The order of bytes written to a Buffer or encoded string depends on function's endianness.

data and output arguments might reference the same Buffer object or buffers referencing the same memory (views).

There are additional namespaces, each for different variant of function endianness:

  • BE - big-endian (most significant byte first or network byte order)
  • LE - little-endian (least significant byte first)
  • platform - compatible with os.endianness()

Functions in the root namespace are big-endian.

Streaming and incremental api

The dual-api interface for progressive MurmurHash3 is available as a submodule:

var murmur = require('murmurhash-native/stream');

Incremental (a.k.a. progressive) api

var hash = murmur.createHash('murmurhash128x86');
hash.update('hash').digest('hex'); // '0d872bbf2cd001722cd001722cd00172'
hash.update(' me!').digest('hex'); // 'c7009299985a5627a9280372a9280372'
var hash = murmur.createHash('murmurhash128x86', {endianness: 'LE'});
hash.update('hash').digest('hex'); // 'bf2b870d7201d02c7201d02c7201d02c'
hash.update(' me!').digest('hex'); // '999200c727565a98720328a9720328a9'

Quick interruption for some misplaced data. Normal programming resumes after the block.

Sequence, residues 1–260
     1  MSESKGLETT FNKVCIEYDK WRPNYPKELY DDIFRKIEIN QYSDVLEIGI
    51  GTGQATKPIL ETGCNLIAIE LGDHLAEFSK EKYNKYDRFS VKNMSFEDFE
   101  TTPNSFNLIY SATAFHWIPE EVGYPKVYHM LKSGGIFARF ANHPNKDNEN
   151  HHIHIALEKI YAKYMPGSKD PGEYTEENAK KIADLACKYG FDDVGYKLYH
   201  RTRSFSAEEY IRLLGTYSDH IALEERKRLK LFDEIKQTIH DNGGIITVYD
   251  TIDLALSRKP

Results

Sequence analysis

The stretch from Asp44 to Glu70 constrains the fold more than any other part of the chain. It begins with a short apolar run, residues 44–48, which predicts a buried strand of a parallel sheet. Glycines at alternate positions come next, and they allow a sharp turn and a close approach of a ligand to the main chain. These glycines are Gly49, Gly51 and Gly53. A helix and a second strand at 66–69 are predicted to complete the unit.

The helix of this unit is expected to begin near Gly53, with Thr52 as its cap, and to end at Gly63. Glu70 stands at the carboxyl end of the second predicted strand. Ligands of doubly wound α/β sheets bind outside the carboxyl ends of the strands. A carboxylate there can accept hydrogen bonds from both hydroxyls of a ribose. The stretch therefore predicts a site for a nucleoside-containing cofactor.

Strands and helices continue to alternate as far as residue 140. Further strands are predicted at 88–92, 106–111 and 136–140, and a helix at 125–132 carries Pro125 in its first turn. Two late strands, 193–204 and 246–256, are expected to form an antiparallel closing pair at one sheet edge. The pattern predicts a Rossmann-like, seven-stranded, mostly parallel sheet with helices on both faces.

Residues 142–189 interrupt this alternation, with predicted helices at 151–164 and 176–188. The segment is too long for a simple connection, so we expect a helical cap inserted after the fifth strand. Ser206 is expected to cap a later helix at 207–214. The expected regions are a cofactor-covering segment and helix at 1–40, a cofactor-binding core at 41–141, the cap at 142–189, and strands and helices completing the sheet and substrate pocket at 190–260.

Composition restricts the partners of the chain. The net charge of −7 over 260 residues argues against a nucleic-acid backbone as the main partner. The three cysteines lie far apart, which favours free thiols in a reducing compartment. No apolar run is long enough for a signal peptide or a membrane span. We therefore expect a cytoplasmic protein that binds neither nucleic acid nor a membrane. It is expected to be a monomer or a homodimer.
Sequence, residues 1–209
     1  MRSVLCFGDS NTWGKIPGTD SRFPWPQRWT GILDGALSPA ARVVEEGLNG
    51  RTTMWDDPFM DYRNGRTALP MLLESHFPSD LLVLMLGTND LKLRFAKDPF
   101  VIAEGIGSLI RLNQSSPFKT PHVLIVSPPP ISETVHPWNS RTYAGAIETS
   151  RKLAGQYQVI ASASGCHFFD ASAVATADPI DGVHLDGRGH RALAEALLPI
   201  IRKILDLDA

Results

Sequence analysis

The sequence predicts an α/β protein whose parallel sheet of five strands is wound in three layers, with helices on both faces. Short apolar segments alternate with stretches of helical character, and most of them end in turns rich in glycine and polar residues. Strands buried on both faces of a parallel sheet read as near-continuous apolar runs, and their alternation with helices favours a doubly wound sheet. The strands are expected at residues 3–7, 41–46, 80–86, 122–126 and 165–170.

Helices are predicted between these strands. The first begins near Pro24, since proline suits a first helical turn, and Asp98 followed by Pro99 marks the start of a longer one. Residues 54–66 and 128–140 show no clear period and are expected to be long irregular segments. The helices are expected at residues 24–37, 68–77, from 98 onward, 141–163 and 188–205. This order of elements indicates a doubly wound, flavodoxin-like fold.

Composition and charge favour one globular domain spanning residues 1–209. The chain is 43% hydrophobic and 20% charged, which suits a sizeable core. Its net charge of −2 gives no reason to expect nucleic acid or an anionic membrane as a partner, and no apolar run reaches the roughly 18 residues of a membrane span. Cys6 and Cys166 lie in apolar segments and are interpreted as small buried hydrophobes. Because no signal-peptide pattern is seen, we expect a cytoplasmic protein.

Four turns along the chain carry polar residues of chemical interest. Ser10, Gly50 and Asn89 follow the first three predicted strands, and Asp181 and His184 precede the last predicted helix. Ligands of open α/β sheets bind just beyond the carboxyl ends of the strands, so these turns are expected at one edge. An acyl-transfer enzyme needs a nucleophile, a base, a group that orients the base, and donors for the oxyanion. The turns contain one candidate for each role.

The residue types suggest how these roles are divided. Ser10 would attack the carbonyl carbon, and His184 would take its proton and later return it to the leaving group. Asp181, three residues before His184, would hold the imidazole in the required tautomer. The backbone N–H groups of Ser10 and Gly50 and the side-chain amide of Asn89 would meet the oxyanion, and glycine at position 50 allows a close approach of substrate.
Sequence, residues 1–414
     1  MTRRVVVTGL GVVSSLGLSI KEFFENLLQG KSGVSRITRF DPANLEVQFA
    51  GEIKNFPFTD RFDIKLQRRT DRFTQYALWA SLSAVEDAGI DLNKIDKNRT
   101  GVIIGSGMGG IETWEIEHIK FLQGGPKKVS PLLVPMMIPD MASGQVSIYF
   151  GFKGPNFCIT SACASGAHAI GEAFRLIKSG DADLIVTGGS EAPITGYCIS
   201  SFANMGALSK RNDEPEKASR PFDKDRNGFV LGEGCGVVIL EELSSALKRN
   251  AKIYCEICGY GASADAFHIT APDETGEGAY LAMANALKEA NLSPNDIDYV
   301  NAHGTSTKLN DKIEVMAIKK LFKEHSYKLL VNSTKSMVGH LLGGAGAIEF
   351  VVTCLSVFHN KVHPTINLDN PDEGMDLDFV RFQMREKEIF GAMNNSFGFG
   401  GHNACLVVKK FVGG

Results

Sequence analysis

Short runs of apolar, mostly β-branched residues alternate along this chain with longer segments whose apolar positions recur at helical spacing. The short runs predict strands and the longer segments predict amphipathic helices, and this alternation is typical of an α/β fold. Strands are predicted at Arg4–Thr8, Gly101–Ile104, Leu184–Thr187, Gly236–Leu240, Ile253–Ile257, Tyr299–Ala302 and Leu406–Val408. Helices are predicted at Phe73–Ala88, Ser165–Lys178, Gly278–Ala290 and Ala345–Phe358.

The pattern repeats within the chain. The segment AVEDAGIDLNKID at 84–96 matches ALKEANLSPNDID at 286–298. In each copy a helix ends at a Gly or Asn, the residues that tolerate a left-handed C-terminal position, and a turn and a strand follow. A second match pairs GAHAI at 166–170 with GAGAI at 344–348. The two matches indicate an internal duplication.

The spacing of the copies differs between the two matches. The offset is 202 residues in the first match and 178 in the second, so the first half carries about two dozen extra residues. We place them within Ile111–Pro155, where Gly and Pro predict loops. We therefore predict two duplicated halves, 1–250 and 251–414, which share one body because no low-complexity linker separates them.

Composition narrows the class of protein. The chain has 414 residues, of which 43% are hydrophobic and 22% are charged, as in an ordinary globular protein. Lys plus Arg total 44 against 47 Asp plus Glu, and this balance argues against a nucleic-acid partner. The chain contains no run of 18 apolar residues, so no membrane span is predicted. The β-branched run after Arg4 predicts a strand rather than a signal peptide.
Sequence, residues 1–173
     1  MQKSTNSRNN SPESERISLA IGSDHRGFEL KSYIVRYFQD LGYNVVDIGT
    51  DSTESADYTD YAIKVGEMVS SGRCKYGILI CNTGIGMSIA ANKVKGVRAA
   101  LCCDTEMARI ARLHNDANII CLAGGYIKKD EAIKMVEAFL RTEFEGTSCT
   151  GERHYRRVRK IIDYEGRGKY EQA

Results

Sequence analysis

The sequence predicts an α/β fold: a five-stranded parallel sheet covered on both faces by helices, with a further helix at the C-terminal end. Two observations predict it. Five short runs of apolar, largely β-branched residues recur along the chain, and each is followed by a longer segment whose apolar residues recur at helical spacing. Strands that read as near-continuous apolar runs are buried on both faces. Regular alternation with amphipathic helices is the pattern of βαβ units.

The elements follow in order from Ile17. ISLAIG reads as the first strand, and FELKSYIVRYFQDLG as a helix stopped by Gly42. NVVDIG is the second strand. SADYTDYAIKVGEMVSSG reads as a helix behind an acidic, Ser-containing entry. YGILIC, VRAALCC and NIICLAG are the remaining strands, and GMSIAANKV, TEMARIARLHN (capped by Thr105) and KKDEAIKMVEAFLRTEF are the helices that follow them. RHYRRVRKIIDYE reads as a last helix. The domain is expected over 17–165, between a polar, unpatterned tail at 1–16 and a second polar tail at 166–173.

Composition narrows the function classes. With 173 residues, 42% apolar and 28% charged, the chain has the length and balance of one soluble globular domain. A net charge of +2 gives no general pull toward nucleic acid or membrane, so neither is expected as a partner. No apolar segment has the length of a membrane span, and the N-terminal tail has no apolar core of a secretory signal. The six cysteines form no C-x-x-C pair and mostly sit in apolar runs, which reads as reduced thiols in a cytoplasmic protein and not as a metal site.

Streaming api

var hash = murmur.createHash('murmurhash32', {seed: 123, encoding: 'hex', endianness: 'platform'});

Serializable state

The incremental MurmurHash utilities may be serialized and later deserialized. One may also copy a hasher's internal state onto another. This way the hasher utility can be re-used to calculate a hash of some data with already known prefix.

var hash = murmur.createHash('murmurhash128x64').update('hash');
hash.digest('hex');                   // '4ab2e1e022f63e2e9add75dfcea2dede'
var backup = murmur.createHash(hash); // create a copy of a hash with the same internal state
backup.update(' me!').digest('hex');  // 'c43668294e89db0ba5772846e5804467'
hash.copy(backup)                     // copy hash's state onto the backup